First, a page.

What is IRS Levy
A levy is a legal seizure of your property to satisfy a tax debt. Levies are different from liens. A lien is a legal claim against property to secure payment of the tax debt, while a levy actually takes the property to satisfy the tax debt.
When you do not pay your taxes or you do not many any arrangements with IRS to take care of your tax debt, IRS will send you notices to demand you to pay.
They will send you a first notice, a second notice and then they will send you a final notice of intent to levy and notice of your right to a hearing (levy notice), at least 30 days before the Levy.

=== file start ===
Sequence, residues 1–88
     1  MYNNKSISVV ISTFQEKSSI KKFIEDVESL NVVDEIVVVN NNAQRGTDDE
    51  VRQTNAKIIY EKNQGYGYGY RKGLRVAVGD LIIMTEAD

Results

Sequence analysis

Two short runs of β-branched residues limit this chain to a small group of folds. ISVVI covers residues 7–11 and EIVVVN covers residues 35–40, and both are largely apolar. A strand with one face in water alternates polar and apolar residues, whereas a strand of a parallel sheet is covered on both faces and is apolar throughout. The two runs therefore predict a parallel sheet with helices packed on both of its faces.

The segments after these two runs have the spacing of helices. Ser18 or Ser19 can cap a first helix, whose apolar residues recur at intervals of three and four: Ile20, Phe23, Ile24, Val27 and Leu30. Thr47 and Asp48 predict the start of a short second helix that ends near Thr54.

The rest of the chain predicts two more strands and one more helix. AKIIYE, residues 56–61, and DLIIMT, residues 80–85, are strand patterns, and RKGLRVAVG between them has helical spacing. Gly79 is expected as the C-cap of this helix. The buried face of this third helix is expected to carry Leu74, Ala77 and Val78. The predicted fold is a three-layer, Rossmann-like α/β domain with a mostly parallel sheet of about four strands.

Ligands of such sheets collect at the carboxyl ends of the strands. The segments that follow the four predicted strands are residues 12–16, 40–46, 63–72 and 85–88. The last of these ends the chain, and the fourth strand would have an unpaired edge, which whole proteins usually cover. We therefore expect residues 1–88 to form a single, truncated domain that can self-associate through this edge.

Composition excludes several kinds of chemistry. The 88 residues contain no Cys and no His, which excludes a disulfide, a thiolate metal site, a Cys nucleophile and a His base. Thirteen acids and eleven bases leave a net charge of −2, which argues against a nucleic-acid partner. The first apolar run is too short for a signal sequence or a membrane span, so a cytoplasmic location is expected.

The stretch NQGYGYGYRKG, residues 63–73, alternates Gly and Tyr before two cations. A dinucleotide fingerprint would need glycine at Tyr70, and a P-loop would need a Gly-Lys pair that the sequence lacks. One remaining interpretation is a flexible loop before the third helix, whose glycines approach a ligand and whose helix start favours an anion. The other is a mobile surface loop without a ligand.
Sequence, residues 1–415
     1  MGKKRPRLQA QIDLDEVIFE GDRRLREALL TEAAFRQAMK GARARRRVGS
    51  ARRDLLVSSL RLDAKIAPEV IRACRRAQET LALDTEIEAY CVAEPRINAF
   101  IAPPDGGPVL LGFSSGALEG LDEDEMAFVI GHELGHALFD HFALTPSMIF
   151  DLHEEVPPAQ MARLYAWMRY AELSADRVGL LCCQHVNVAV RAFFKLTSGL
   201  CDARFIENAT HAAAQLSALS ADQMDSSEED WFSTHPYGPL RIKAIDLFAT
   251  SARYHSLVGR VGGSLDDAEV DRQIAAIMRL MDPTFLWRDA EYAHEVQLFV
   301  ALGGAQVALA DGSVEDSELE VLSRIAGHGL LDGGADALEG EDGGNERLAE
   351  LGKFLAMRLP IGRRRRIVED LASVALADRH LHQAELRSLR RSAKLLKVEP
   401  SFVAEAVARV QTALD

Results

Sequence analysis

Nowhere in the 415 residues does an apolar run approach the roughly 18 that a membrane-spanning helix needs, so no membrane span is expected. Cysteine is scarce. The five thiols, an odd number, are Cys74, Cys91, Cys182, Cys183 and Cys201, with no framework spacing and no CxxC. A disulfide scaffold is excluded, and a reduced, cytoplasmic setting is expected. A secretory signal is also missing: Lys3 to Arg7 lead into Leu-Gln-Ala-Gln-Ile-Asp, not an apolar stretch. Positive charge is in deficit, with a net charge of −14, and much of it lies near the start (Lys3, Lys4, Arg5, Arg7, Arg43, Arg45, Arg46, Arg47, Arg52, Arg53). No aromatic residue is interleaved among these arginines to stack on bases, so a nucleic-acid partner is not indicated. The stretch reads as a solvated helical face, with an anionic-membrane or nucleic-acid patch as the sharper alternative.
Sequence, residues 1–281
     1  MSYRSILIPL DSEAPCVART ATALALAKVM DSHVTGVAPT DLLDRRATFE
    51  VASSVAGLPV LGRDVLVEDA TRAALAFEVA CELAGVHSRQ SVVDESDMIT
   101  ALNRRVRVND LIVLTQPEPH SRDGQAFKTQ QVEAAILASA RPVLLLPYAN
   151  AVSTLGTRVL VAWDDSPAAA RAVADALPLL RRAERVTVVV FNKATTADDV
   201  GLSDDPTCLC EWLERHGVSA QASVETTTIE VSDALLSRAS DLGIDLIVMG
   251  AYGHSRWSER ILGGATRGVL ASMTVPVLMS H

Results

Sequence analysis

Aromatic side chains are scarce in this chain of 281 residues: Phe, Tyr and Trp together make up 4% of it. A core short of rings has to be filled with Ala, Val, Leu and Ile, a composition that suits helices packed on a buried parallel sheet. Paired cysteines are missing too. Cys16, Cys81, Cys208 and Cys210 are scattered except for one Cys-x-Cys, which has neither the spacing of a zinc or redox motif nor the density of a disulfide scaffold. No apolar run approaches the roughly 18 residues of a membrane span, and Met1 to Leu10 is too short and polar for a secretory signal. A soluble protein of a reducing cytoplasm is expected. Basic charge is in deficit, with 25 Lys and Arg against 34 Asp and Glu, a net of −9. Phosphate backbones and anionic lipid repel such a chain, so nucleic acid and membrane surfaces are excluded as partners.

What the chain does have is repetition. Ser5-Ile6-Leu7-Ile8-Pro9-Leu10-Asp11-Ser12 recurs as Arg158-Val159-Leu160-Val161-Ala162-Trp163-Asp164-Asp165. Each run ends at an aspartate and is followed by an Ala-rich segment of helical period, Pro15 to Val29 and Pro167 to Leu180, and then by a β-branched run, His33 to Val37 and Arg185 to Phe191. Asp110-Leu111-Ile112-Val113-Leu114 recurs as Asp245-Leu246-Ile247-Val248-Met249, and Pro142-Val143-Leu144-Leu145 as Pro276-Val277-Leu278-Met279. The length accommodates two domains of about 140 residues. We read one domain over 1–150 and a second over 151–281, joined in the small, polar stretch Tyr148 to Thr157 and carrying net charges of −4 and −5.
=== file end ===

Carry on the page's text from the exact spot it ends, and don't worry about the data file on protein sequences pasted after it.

IRS may leave it at your home or your workplace/business or your last known address by certified or registered mail, return receipt requested.
The following things IRS can levy on your properties or properties held by third parties:
- Your bank/investment accounts (cash, dividends, interests, retirement accounts, cash value of your life insurance)
- From your Customer/tenants payments (account receivables, rental income)
- From your employment (wages, commissions)
June 8, 2020